“And though she be but little, she is fierce” – William Shakespeare
Words which seem so fitting for the newly released comedy, crime, drama – A Simple Favor.
Adapted from Darcey Bell’s novel, Paul Feig (Bridesmaids) directs this fast-paced, comedic crime with an almost Neo-Noir aesthetic, which feels reminiscent of hit thrillers such as Gone Girl (2014) and The Girl on the Train (2016), but despite it’s clear appeal to fans who particularly enjoy a gritty mystery, this film can easily cater to the masses.
Stephanie (Anna Kendrick), a widow raising a young son, lives the stereotypical suburban life. From her kitchen, decorated with painted images by her child and dressed in quintessential clothes, she hosts a vlog which focuses on sharing recipes, party ideas, and general tips and tricks for other Mothers. Despite her overly bubbly exterior, it is clear to see that this vlog is a source of comfort and a way for Stephanie to reassure herself that she is a wonderful parent and person, whilst keeping her constantly occupied. When Stephanie meets Emily (Blake Lively), a beautiful, independent woman with a solid and femme-fatale demeanour, her life changes drastically in more ways than she would ever expect.
Since first seeing the trailer I immediately knew I wanted to watch this film as I am someone who thoroughly enjoys a good mystery and trying to solve them before the all-important plot twist is revealed. However, A Simple Favor did not allow me to solve anything. The twists were hard and fast, and as a viewer, I felt just as wrapped up in the manipulation and abusive relationships as the characters involved.
The story line was strong, despite that pacing being a bit confusing throughout, a little as though it was unsure of itself – but this may have contributed to the theme of the film. The set design, costumes, and music were all stunning and I certainly need to get my hands on a copy of the soundtrack. The mise-en-scene in general worked perfectly throughout and contributed wonderfully to the ambience of the film. The graphics used for posters and during the opening credits reminded me of Catch Me if You Can, which for me personally, was another perk that peaked my interest.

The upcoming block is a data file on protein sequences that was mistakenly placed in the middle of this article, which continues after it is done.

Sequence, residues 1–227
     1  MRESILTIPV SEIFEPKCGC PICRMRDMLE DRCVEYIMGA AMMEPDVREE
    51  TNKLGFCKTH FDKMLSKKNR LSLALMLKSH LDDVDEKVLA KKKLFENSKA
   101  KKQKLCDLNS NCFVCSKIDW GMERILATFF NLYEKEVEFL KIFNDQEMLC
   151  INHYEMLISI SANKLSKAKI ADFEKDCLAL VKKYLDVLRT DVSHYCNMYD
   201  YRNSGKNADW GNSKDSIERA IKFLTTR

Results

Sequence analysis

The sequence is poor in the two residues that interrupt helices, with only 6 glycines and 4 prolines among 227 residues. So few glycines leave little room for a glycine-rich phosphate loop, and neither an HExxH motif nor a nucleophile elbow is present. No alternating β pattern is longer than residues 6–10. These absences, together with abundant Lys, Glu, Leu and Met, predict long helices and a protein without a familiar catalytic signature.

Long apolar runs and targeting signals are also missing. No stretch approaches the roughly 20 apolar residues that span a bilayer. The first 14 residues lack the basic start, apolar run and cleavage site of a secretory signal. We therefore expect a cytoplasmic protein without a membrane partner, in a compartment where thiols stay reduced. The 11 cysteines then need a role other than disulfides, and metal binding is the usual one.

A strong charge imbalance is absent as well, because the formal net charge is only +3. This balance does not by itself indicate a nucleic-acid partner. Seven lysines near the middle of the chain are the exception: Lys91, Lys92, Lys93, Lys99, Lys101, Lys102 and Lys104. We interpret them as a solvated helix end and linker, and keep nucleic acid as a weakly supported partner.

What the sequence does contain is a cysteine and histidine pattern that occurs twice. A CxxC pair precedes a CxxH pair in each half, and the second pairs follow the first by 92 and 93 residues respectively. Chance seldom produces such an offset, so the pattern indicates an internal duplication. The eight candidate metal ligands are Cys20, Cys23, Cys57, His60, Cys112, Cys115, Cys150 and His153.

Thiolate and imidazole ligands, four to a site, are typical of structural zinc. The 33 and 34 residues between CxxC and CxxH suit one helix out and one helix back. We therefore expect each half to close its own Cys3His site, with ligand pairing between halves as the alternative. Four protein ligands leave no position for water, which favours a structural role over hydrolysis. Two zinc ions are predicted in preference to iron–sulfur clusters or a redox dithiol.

I find it hard to fault the film, as I was completely immersed and invested in it. Despite some editing issues and, as mentioned, the pace becoming confusing at times, the film as a whole was extremely entertaining. It pretty much has everything you need, romance, betrayal, suspense, horror, real-life issues, action and comedy. I must say, the comedy was an absolute highlight for me. The chemistry between Kendrick and Blake was fantastic, and even the children added to the comedic element. The juxtapostion between shock-horror and comedy left me uneasy, yet incredibly entertained and the more you give it time to sink in post-viewing, the more you start to consider new theories or hidden messages.
Upon reflection, I appreciated the social commentary the film provided in the form of power play, gaslighting, and the ongoing divide between males and females. The topics brought up may not seem obvious at first but I feel the awareness created around subjects of emotional abuse, mental health and abusive relationships was important and necessary. The use of social media within the film is something which may seem second nature to most, but it’s what helps to keep this film relevant and current, especially with the stories we are seeing on a daily basis in the news. This isn’t a fantasy any more, this is real life and big brother is always watching.
I highly recommend this film. It is far from boring and a very interesting take on a crime, thriller with more twists and turns than you would expect. It’s safe to say that it was nothing like I was expecting after seeing the trailer, and the only part that has left me completely baffled is the spelling in the title as it has been heavily advertised as A Simple Favor, yet the opening credits have it spelt as A Simple Favour… maybe it’s just another mystery for us to solve.
Sonar Film is showing A Simple Favour in LT1 until the 11th October.
Tickets: £4.00 Students, £4.50 General Public
Check out their website here.